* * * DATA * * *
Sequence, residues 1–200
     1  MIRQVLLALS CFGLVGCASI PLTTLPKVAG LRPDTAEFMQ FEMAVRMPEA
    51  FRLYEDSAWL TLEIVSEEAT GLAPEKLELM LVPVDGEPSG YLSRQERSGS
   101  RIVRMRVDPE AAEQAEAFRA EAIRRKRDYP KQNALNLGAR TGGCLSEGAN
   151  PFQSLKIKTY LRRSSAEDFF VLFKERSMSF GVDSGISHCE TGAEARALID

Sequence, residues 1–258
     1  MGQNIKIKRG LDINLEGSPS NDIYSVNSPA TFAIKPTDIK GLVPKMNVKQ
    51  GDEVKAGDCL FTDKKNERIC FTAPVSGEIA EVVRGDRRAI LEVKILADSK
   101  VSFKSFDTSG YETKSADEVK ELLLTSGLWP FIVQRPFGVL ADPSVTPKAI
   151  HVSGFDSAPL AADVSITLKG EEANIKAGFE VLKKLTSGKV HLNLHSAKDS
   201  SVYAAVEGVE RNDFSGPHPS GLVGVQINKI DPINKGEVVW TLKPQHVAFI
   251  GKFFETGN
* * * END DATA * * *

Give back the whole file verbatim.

Sequence, residues 1–200
     1  MIRQVLLALS CFGLVGCASI PLTTLPKVAG LRPDTAEFMQ FEMAVRMPEA
    51  FRLYEDSAWL TLEIVSEEAT GLAPEKLELM LVPVDGEPSG YLSRQERSGS
   101  RIVRMRVDPE AAEQAEAFRA EAIRRKRDYP KQNALNLGAR TGGCLSEGAN
   151  PFQSLKIKTY LRRSSAEDFF VLFKERSMSF GVDSGISHCE TGAEARALID

Sequence, residues 1–258
     1  MGQNIKIKRG LDINLEGSPS NDIYSVNSPA TFAIKPTDIK GLVPKMNVKQ
    51  GDEVKAGDCL FTDKKNERIC FTAPVSGEIA EVVRGDRRAI LEVKILADSK
   101  VSFKSFDTSG YETKSADEVK ELLLTSGLWP FIVQRPFGVL ADPSVTPKAI
   151  HVSGFDSAPL AADVSITLKG EEANIKAGFE VLKKLTSGKV HLNLHSAKDS
   201  SVYAAVEGVE RNDFSGPHPS GLVGVQINKI DPINKGEVVW TLKPQHVAFI
   251  GKFFETGN